Jeurys Familia NEW YORK, NY – OCTOBER 05: Jeurys Familia #27 of the New York Mets reacts in the ninth inning after giving up a three-run homerun against the San Francisco Giants during their National League Wild Card game at Citi Field on October 5, 2016 in New York City. (Photo by Elsa/Getty Images)

Major League Baseball continues to show it isn’t messing around when it comes to punishing players for domestic violence.

According to the New York Daily News, Mets pitcher Jeurys Famila will face a hefty suspension after allegedly striking his wife in a drunken fight on Halloween.

Industry sources believe that Familia will still face a suspension of at least 30 games under the joint domestic violence policy to start the 2017 season. So, even with the decision Thursday, Familia and the Mets are still sort of in a state of limbo.

Familia’s wife Bianca Rivas told police she did not wish to pursue a criminal case against Familia, and on Thursday prosecutors dropped all charges against the pitcher.

A 30-game suspension for Familia (which, for the record, appears to be little more than a guess on the part of the Daily News and its sources) would match the punishment given to Aroldis Chapman, who allegedly choked his wife and then fired a gun in the family garage. Like in Familia’s case, Chapman’s girlfriend declined to press charges. Unlike in Familia’s case, Chapman confessed to part of the accusation, apologizing for the gun shots.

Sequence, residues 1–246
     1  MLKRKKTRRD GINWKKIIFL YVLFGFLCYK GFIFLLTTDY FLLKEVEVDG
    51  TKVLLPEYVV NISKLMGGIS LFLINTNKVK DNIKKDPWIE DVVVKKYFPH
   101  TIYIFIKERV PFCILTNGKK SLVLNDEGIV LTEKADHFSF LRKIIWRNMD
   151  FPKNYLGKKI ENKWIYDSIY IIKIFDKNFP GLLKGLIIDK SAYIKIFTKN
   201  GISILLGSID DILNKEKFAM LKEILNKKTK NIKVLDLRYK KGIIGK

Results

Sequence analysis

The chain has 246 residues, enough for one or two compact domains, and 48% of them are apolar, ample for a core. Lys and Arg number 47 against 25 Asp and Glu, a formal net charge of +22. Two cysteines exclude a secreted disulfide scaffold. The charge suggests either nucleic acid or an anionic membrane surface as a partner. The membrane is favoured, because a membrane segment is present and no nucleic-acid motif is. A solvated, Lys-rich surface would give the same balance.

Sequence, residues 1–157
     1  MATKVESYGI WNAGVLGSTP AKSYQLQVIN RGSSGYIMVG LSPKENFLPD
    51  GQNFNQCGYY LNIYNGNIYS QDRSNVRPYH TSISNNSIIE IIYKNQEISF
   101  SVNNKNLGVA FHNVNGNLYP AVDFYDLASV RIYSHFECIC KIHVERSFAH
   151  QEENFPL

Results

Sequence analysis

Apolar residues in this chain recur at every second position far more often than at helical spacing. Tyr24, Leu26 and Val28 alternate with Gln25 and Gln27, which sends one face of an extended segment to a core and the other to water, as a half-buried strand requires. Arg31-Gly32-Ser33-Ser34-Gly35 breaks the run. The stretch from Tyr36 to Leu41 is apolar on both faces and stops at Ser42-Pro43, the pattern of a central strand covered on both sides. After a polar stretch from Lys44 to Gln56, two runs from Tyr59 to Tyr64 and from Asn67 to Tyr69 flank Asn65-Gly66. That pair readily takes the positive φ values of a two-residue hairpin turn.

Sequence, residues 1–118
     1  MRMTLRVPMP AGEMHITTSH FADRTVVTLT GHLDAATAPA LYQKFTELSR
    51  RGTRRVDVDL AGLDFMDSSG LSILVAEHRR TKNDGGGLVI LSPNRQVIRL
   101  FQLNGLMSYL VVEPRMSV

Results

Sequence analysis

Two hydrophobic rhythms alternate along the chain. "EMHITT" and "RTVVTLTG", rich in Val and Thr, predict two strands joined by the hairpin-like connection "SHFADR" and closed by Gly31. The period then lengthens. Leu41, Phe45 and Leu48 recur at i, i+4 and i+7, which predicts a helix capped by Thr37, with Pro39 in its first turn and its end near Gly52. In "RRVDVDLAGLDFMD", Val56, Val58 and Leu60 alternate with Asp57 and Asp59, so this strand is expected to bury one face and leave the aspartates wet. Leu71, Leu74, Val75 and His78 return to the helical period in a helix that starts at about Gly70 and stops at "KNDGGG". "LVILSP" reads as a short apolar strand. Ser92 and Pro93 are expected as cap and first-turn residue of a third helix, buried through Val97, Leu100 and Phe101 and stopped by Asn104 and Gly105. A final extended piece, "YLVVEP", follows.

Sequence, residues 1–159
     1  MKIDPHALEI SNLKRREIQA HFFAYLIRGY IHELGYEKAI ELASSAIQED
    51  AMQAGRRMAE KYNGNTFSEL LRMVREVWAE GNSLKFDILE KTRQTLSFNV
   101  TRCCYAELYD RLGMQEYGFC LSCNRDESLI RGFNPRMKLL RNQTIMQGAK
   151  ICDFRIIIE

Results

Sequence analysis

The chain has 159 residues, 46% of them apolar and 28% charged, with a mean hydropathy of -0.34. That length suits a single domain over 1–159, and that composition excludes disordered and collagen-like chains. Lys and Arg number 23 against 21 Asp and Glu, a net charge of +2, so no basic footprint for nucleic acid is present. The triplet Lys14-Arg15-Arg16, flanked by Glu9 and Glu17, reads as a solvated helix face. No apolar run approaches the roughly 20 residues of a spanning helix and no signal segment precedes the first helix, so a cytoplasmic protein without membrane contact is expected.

Jose Reyes received a 52-game suspension last year for allegedly assaulting his wife. The primary difference there was that Reyes was arrested and charged, though prosecutors were forced to drop the case when his wife declined to cooperate.

The decision on how long to punish players for DV arrests seems somewhat arbitrary, which makes you think Rob Manfred and MLB are going to get in trouble sooner or later for an overly lenient or overly harsh suspension, but for now the league’s policy seems to be sending the right message. Even if baseball’s motives aren’t totally pure, these suspensions convey that domestic violence cannot go unpunished.

[New York Daily News]

About Alex Putterman

Alex is a writer and editor for The Comeback and Awful Announcing. He has written for The Atlantic, VICE Sports,, and more. He is a proud alum of Northwestern University and The Daily Northwestern. You can find him on Twitter @AlexPutterman.